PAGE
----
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Board Spotlight: Michelle Caldwell, Board Member, WTS International


Board Spotlight: Michelle Caldwell, Board Member, WTS International

Each member of WTS International's Board of Directors is dedicated to the fulfillment of the WTS mission by serving in positions for two-year terms. Michelle Caldwell, Chief Financial Officer at Foothill Transit, has been a valued member of WTS for more than 20 years and just kicked off her first year as a member of the WTS Board of Directors after having served a two-year term on the WTS Foundation Board of Directors. We sat down with Michelle to learn more about her involvement in transportation and her perspectives on the advancement of women in the industry.

WTS:Let’s start with your role at Foothill Transit. Can you tell us a little about the firm, and what you do?

MC:Foothill Transit is the largest all-bus operator in Los Angeles County. We operate 39 fixed-route local and express lines covering over 300 square miles in eastern Los Angeles County. We serve 14 million customers each year. As the Chief Financial Officer, I am responsible for finance, treasury, fare revenue collection, human resources and special projects and managing the $150 million per year annual budget.

WTS:Where did you get your start in the industry?

MC:I started at Southern California Rapid Transit District (predecessor to LA Metro) in 1982 in training and development. I worked for that agency in many roles, including construction project management, grants management, transit operations, office of management and budget, and ended my 32 years there as the Chief Administrative Services Officer.

WTS:You are you passionate about advancing women in transportation. What drives that passion?

MC:Just when I think we aren’t making much progress, I hear about amazing promotions like Ronnie Hakim at New York MTA, Stephanie Dawson at the Port Authority, and Carolyn Flowers at AECOM. Women work hard, have bright, inquisitive minds, are creative problem solvers, and are willing to say “I feel” instead of always saying “I think.” Great leadership requires collaboration, creativity, and consensus building. I embrace these traits in any leader—man or woman—and I find them often in my women colleagues.

WTS:What has been your experience as it pertains to women in leadership roles? What have you witnessed during the course of your career?

MC:I had many opportunities throughout the years to learn new things and grow in my career. I had many amazing bosses, both men and women, who valued women and recognized every individual person’s contribution. I knew one woman early in my career who started her career as a bus driver, fought to get a promotion to Supervisor, then fought some more to get a promotion to Manager, then on to Superintendent. I was always impressed with her determination to prove she was the best person for the job. She served as a role model for me and many other women during the 1980s when there weren’t many women in management-level jobs. But the boss I have now, Doran Barnes, is truly a leader who will fight to give women better opportunities. He is laser-focused on diversity and is always on the lookout for ways to improve our agency. He encourages and pays for extensive training, is an active member of WTS, and has been a leader of the APTA Diversity Council.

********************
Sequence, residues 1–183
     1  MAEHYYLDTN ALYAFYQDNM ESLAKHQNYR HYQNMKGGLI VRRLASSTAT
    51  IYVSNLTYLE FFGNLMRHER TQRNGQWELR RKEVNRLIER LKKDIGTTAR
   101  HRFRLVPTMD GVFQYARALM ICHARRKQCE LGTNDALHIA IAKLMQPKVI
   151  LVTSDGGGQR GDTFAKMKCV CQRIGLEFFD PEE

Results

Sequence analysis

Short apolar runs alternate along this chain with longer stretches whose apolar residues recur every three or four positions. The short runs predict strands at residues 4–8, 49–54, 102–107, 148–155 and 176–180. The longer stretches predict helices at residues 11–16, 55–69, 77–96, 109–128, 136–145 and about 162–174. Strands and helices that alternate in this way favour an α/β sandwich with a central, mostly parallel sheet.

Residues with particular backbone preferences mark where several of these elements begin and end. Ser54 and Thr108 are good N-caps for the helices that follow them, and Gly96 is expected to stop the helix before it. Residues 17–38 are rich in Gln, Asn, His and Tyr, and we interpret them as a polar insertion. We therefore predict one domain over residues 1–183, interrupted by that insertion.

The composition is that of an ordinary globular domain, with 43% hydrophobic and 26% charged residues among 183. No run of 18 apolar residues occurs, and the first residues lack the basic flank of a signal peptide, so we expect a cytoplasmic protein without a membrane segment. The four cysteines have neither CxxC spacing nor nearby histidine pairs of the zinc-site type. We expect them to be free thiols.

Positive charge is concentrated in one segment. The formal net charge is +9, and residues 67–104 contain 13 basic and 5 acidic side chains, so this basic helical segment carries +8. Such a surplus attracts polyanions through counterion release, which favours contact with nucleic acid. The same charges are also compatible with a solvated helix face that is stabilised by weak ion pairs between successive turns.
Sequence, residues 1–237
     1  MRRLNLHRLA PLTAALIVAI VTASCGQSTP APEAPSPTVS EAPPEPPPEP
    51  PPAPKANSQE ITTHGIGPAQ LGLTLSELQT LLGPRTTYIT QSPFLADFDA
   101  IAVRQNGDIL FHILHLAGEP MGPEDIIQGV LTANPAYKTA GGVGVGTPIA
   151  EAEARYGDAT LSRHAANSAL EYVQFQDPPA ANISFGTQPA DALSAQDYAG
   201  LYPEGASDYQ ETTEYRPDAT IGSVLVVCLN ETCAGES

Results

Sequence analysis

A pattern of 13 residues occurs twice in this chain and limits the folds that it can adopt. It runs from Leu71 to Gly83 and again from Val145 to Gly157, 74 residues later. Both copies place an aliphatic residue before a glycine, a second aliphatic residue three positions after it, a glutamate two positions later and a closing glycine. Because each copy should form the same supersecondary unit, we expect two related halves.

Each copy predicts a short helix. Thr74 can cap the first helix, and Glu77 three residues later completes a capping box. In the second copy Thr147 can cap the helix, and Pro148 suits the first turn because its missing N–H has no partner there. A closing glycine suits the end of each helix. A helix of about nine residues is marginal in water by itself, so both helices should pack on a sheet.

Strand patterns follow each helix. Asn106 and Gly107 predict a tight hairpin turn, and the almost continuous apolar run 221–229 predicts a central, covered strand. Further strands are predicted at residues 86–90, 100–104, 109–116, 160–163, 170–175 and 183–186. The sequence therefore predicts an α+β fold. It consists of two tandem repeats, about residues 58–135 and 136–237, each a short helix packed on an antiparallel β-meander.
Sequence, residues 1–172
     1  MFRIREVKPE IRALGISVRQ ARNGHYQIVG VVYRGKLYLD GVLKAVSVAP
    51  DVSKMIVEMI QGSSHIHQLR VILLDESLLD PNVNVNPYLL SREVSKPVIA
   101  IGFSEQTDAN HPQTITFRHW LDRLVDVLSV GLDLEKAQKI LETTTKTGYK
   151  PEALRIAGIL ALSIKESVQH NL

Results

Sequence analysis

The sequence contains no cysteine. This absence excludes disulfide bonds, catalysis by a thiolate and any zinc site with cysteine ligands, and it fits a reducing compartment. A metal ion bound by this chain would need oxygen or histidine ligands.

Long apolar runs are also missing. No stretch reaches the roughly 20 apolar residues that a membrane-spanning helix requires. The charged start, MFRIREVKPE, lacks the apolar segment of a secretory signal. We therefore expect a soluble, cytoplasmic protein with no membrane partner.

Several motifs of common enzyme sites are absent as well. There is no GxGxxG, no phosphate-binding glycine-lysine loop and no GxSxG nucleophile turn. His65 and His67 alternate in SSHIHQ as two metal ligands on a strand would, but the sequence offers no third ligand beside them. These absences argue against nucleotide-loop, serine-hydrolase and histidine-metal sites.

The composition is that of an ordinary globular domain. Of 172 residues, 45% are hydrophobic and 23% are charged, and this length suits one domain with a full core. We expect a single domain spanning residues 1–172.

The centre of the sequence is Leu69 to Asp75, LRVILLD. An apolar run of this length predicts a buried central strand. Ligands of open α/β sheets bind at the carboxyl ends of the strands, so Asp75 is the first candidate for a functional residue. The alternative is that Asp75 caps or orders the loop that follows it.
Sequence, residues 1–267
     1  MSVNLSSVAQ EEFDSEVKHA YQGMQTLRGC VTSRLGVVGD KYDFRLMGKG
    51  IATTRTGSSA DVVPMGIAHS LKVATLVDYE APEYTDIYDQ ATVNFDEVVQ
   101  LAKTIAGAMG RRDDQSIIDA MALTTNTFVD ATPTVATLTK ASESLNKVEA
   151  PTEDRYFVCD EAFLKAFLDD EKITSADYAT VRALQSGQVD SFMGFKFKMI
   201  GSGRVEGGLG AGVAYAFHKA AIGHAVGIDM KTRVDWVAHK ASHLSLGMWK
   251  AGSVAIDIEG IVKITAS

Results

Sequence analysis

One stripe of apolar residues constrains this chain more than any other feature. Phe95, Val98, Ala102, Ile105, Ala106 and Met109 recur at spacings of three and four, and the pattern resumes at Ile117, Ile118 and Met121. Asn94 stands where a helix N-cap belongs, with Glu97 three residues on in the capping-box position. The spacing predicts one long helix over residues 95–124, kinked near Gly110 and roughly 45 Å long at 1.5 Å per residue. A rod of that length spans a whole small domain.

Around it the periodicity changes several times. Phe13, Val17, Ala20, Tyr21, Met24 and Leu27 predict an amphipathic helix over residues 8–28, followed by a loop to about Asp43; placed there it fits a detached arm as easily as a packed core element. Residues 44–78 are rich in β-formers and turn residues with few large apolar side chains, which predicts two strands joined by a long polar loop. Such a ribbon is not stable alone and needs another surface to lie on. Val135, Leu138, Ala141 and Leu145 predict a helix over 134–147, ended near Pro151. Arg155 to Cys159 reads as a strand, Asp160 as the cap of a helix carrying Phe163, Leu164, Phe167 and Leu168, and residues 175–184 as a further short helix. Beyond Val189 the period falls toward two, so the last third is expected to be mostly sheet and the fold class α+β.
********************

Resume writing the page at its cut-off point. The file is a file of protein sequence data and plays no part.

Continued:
WTS:What do you think is the best path forward to making change in the gender makeup of the transportation industry?

MC:WTS sponsors several programs, such as Transportation YOU and the leadership programs, which I believe will 1) attract young women to the field, and 2) prepare the women already in mid-level and executive level jobs to move to the next step. Additionally, the local chapter monthly meetings provide networking opportunities and forums for women to showcase their talents. People at the executive-level position often move from one city to another as known and established industry professionals. It is critical that women step into this “known” circle. To change the gender make-up of the transportation industry, we must encourage all people to advocate for women, promote women, mentor women, and support women.

WTS:Why did you feel it was important to join the Board of WTS?

MC:It is interesting to me that there are more private sector WTS members than public sector members. I believe this is because the private sector extensively supports their employees and provides them with educational and networking opportunities. I wanted to serve on the Board to improve public sector participation in WTS and to ensure that women are considered in public sector succession planning opportunities.

WTS:What strategies do you feel will help bring WTS closer to achieving its mission?

MC:Under the leadership of Diane Woodend Jones, the Board has developed a five-year strategic plan to connect, strengthen, and expand WTS. The plan includes six priorities, each with five or more specific action steps to achieve the priority. Achievement of these goals will make WTS the premier women’s organization in the world! It will take hard work, dedication, and spreading the enthusiasm throughout the industry to accomplish. It is truly an exciting time to be part of changing the lives of women in transportation!



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